Dunzik says LEED standards, some of the toughest in the world, are the only way to make the studio’s mission a credible one. Akin to the laissez faire approach traditionally taken by the American government toward pollution standards, the grab bag of green design “standards” many companies follow is a motley array of self-imposed rules that let company call itself “green” so long as it stays within its own lines. “There are a hundred different definitions for what “green” is,” Dunzik says. “LEED standards are worldwide standards.”
Dunzik grew up in North Brunswick and studied architecture and engineering at NJIT. Graduating in 1988, he took a job with a Nassau Street firm and ultimately found the experience unfulfilling. He left to hang his own shingle from a home office in Skillman eight years ago.
A licensed architect for 17 years, Dunzik is a veteran of both private and public projects, and, from an entirely environmental perspective, he says that private projects tend to be more sound.
Growing up with an artist for a grandfather and an accountant for a father, Dunzik says he has always been tied to both halves of his brain. Studio Green was put together with colleagues and friends Dunzik has made over the years. A notable — and serendipitous — exception is Ronica Sethi, proprietor of Mythic Paint.
“It was uncanny how this worked,” Sethi says. By sheer coincidence, Mississippi-based Mythic Paint was looking for its first dealer location in New Jersey and Dunzik was looking to buy Mythic Paint for the studio’s interior walls. A chance message from the relentlessly enthusiastic Sethi solved both problems and the relationship was born.
As environmentally friendly paints go, it is undebatable that Mythic is at the top. Manufactured from scratch to never include a single toxin or odorant, it is the only paint sold in this country that is not required by law to carry a warning label — except the one that warns you about the lead in the paint you’re scraping to make room for Mythic. In fact, says Sethi, “you could paint the baby’s walls pink with the baby asleep in the room.” Such a boast is what gives her the hubris to call her product “a level above environmentally friendly.”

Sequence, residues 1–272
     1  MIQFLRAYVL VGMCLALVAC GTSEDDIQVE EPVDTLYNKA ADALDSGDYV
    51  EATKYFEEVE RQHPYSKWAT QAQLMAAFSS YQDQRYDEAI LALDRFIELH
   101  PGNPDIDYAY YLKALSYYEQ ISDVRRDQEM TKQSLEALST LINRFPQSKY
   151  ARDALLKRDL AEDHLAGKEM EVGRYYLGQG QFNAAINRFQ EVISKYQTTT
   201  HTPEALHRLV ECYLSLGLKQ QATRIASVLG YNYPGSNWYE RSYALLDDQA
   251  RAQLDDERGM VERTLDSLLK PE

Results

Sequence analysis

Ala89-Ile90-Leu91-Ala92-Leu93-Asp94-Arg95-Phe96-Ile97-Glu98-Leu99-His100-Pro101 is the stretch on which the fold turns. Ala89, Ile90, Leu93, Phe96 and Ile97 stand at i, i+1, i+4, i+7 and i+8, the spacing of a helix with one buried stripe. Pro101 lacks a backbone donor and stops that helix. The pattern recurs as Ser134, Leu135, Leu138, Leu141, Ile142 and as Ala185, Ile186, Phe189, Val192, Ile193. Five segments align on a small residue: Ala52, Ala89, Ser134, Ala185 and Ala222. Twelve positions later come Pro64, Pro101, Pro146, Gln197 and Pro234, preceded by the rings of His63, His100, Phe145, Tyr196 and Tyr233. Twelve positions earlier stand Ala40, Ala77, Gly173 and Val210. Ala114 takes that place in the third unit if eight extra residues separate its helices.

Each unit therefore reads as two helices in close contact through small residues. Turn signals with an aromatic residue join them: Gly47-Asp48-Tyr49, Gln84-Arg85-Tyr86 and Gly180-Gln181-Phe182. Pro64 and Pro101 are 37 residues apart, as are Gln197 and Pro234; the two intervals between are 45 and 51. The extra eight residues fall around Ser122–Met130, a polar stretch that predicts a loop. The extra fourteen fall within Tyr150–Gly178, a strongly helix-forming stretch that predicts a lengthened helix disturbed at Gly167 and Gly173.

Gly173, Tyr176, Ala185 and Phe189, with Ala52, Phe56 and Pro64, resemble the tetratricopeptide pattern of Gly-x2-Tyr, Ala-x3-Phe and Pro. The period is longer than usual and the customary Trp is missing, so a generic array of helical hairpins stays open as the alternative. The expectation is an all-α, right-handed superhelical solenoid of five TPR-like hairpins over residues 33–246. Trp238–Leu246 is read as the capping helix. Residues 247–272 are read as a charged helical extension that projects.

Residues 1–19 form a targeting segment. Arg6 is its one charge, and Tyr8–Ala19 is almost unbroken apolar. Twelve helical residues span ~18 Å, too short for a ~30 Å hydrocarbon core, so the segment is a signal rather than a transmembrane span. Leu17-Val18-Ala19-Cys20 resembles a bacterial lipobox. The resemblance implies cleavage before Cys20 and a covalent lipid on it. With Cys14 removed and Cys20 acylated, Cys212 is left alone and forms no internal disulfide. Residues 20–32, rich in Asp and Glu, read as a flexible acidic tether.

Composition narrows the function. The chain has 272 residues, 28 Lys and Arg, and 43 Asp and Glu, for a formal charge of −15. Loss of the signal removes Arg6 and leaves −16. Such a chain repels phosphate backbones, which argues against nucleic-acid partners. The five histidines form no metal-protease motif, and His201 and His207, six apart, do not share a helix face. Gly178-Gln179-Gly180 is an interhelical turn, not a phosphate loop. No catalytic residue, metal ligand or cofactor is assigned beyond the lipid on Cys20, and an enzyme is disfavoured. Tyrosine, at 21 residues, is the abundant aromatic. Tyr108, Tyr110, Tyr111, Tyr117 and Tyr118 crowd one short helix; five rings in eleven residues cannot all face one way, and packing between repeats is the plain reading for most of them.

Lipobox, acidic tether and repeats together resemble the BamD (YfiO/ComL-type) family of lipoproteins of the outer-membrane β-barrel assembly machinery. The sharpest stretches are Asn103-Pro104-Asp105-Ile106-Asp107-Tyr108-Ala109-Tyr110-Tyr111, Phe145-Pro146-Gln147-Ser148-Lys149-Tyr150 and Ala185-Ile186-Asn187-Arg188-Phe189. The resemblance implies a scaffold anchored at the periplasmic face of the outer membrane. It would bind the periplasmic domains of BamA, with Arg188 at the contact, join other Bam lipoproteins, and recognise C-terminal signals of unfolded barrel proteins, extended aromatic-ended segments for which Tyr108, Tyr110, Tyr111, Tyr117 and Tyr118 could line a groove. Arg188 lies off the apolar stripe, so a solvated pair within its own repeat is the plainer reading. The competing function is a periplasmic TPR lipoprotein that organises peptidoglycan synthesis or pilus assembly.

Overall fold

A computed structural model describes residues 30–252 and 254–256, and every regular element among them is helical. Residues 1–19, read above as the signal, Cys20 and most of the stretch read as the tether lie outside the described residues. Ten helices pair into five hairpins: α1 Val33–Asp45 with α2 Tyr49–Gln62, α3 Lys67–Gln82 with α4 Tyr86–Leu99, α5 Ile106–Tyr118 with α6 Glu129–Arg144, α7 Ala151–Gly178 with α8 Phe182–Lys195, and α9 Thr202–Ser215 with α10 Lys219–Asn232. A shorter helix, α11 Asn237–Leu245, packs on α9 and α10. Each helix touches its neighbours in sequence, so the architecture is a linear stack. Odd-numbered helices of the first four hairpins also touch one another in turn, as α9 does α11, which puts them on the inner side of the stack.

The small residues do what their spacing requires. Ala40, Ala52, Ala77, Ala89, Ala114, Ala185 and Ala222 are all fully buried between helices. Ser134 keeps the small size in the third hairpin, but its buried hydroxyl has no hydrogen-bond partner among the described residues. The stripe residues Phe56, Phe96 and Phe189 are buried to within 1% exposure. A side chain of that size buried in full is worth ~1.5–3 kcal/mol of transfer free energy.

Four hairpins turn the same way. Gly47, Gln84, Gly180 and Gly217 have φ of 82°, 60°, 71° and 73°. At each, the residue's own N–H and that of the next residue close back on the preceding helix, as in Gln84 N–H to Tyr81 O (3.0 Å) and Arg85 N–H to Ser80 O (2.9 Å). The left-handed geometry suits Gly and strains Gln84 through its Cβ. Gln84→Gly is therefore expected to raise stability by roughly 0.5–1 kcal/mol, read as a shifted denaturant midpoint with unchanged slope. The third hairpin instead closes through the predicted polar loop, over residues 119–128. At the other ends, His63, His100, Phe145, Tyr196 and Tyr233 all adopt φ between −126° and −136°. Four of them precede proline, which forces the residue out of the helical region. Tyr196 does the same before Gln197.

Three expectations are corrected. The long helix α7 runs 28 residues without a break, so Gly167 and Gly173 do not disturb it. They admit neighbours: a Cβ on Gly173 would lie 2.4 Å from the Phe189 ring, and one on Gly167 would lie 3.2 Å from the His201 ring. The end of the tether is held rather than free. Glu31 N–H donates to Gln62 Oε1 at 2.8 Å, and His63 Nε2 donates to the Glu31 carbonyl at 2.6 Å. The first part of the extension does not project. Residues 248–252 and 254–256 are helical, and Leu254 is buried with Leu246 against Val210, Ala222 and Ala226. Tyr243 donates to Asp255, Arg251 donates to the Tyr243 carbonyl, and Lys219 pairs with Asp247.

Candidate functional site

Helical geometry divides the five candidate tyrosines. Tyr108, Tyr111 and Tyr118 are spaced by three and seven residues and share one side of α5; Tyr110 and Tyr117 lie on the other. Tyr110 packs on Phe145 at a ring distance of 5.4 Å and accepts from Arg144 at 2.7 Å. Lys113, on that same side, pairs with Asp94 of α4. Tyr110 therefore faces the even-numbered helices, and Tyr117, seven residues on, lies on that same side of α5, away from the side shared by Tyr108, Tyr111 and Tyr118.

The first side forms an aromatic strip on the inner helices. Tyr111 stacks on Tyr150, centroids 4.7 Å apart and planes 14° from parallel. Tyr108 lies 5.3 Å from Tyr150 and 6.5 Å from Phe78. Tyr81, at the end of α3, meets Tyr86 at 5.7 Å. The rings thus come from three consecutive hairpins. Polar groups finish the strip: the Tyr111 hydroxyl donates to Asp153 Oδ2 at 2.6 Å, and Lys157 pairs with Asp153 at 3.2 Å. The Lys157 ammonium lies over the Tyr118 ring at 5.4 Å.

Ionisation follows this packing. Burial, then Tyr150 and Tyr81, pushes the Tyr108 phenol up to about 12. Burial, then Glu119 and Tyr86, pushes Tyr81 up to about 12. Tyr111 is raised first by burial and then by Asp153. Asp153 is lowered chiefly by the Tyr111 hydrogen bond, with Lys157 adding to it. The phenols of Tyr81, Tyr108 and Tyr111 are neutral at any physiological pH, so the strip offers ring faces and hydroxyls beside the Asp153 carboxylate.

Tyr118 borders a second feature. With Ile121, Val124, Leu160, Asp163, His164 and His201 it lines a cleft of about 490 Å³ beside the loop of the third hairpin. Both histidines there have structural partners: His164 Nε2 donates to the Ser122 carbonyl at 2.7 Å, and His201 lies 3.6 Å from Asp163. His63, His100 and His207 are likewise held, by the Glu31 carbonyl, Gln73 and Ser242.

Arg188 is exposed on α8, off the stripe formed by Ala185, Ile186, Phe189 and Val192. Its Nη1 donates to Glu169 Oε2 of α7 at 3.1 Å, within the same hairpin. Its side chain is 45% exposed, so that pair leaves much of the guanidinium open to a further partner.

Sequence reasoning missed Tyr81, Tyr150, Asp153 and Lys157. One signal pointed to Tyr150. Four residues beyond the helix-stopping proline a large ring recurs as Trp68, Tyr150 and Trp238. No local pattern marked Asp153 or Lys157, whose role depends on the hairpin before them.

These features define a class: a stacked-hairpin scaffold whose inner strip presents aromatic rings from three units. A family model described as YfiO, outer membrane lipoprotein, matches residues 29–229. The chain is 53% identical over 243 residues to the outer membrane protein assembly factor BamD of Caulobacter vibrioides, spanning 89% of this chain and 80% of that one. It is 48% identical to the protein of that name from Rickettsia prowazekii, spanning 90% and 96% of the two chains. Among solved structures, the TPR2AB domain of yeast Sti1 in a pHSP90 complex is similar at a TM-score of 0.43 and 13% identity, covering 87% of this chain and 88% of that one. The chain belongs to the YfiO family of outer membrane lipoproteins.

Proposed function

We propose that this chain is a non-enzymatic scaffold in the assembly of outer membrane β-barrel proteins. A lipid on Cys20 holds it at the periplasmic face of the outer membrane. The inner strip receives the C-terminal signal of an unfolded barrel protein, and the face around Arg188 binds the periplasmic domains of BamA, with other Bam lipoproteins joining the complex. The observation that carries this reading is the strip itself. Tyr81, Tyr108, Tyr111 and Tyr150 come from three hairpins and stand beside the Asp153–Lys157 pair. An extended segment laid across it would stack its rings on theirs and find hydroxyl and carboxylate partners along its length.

But despite her disavowal of the word “green,” the former Manhattan-based investment banker says the company’s vision of a toxin-free world jibes perfectly with Studio Green’s. And though Sethi just sold her first bucket of paint on April 3, she already is envisioning a chain of centers that will rewrite commercial and residential construction. “We plan to replicate this,” she says. “There really should be hundreds of Studio Green Design Centers out there.”
Though its sights are set on the big picture, Studio Green is meant to stand as an example of how even small steps are important. Resuscitating the planet and undoing the damage wrought by carbon-heavy footprints, Dunzik says, starts with something as simple as installing more energy-efficient lightbulbs. “It’s all about little changes,” he says. “Even dimmer switches can make a big difference.”
— Scott Morgan
Studio Green Design Center, 1225 State Road, Suite 2, Princeton 08540; 609-921-0200; fax, 609-921-0228. Dan Dunzik, principal. Home page: www.studiogreendesigncenter.com.
Mythic Paint, 1225 State Road, Suite 2, Princeton 08540. 609-921-0011. Home page: www.mythicpaint.com
New in Town
Amerindia, 666 Plainsboro Road, Suite 415, Plainsboro 08536; 609-662-0513; fax, 609-662-0591. Amit Masand, business development manager. www.amerindia.net.
Amerindia, an IT software consulting company, has opened on Plainsboro Road.
PhotoSound, 103 Morgan Lane, Plainsboro 08536; 609-514-5366; fax, 609-514-5377. Patrick Defeo, senior vice president. Home page: www.photosound.com.
PhotoSound, a U.K.-based advertising and design firm specializing in health and medical fields, has opened an office in Plainsboro. The 36-year-old agency works with more than 80 clients around the world, including some of the world’s largest pharmaceutical and health firms.
Publicis Clinical Health Partners, 2000 Lenox Drive, Suite 100, Lawrenceville 08648; 609-896-4717, . Diana Crawley, executive director. www.pclinicalhealthpartners.com.
Biopharma marketing agency Publicis Selling Solutions Group has launched Publicis Clinical Health Partners to provide behaviorally-based education programs for patients and health care professionals. Publicis Selling Solutions is a Publicis Healthcare Communications Group company.
According to Rick Keefer, COO of Publicis Selling Solutions, the agency reviewed key literature on adherence, retention, and behavior change, and analyzed the industry efforts in clinical health education to date. This effort led to the development of Publicis Clinical Health Partners, along with best practices for direct-to-patient adherence and retention and peer-to-peer behavior change.